KURT KREIGER: It's - I think it's jammed.

HEGYI: Kurt Kreiger, the drone's pilot and engineer, coaxes Shep to the ground. The team huddles around it, pulling pieces apart and inspecting the pellet shooter.

KREIGER: I'm frazzled a little bit. But, you know, you have clearer minds going, hey, why don't you just check this? Oh, yeah...

HEGYI: And once they fix the drone, the team refills it with peanut butter pellets...

(SOUNDBITE OF POURING PELLETS)

HEGYI: ...Turns it on.

(SOUNDBITE OF BEEPING)

HEGYI: ...And then the drone takes off.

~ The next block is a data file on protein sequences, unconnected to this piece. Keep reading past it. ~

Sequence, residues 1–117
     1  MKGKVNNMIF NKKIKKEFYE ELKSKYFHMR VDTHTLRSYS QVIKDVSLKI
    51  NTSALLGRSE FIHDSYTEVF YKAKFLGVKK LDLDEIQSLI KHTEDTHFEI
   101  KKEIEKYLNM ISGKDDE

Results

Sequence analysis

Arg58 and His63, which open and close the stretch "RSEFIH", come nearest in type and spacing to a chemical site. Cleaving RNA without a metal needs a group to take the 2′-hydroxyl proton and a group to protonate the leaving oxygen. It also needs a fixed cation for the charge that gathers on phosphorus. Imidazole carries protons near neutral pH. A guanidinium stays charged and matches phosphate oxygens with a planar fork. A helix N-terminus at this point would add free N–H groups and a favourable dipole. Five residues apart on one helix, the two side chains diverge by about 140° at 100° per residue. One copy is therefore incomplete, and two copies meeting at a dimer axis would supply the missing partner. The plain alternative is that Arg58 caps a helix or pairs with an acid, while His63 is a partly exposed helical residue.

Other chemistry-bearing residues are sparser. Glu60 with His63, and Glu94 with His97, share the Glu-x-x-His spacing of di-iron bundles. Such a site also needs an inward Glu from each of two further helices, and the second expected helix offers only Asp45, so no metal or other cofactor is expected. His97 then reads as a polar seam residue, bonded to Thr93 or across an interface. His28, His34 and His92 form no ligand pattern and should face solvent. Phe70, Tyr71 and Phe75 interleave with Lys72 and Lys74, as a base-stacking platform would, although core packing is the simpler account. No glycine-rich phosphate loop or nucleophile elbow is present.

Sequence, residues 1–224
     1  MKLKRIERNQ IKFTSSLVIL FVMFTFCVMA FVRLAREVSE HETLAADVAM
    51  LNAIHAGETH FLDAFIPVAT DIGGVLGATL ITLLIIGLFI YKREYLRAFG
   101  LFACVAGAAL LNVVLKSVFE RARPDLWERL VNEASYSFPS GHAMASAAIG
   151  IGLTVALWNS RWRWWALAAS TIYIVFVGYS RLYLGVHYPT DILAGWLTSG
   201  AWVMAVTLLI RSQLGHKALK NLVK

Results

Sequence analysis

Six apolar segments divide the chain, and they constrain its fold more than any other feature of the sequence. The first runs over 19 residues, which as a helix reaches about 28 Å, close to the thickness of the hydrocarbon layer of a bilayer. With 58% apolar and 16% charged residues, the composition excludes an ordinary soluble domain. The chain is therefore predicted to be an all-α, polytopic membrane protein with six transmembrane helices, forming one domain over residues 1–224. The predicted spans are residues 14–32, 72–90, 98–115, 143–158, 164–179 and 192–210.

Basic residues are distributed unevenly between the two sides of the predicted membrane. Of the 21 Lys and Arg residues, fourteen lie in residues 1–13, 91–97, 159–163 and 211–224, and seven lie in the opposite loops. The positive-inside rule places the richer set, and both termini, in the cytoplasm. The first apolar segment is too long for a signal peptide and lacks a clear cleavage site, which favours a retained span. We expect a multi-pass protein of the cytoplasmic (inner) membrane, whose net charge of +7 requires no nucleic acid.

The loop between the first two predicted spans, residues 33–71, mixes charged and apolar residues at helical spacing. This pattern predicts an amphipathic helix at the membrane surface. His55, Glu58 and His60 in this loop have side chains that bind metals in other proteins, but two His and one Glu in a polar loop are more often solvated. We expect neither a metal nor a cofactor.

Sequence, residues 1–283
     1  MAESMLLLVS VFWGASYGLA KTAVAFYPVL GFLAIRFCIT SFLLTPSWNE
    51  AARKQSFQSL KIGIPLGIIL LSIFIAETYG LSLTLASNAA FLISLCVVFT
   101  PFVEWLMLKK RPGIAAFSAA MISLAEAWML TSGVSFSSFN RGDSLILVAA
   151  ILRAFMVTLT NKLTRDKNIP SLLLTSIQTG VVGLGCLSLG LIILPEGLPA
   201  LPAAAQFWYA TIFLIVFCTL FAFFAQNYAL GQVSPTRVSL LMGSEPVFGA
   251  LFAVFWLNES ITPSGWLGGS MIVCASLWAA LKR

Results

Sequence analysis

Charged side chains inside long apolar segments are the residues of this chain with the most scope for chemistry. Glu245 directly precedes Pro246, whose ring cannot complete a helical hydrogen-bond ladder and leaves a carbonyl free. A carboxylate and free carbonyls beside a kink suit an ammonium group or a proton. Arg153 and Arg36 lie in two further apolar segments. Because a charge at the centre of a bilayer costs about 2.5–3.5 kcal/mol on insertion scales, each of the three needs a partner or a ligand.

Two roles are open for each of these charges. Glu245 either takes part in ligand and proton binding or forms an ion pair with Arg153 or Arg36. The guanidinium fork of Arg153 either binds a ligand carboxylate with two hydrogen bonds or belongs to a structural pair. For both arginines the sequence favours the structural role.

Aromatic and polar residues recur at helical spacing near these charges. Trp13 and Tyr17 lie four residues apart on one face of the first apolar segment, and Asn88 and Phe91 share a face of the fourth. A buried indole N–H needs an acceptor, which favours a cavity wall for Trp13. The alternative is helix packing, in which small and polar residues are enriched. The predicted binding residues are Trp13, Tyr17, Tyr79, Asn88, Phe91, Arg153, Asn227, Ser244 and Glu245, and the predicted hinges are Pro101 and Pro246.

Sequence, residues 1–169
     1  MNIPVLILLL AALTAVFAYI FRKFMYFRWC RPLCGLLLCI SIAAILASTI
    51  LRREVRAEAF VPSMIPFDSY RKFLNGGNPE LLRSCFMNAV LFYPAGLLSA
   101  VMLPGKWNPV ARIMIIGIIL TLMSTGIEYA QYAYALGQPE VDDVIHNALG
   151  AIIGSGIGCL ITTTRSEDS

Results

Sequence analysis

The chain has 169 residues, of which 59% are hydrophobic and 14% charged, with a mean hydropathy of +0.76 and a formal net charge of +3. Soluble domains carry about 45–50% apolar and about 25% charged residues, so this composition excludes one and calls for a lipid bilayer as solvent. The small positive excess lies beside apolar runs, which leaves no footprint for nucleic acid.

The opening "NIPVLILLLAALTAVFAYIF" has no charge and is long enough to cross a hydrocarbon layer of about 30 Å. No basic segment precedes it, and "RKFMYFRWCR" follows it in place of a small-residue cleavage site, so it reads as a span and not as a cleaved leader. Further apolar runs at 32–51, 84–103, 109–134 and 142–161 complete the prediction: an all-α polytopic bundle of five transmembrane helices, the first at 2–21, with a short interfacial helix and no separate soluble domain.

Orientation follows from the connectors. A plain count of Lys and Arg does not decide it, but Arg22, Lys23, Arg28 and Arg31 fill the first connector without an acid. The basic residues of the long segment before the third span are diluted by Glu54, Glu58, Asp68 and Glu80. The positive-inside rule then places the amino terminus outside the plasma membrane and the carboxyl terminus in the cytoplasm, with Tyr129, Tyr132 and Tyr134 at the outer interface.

(SOUNDBITE OF DRONE FYLING)

KREIGER: There it is. Shep's on his way. Do we have pellets dropping? Something just - yep. There they go. Something just shot off the side. Boom. Boom. Look at them go.

HEGYI: By the end of the day, they hope to expose more than 4,000 prairie dogs to the vaccine. In the past, field trials showed prairie dogs living in vaccinated areas survived waves of the plague. And when the prairie dog can beat the plague, Bly says it's good for everything, including the ferret.

BLY: Without it, do you really have a complete ecosystem? You start taking those pieces apart. And it's like a domino effect. When we have ferrets on the landscape, the piece of the puzzle that is the American prairie all fits together.

HEGYI: For NPR News, I'm Nate Hegyi in Montana.

(SOUNDBITE OF LYMBYC SYSTYM'S "SCIENTIFIC ROMANCE") Transcript provided by NPR, Copyright NPR.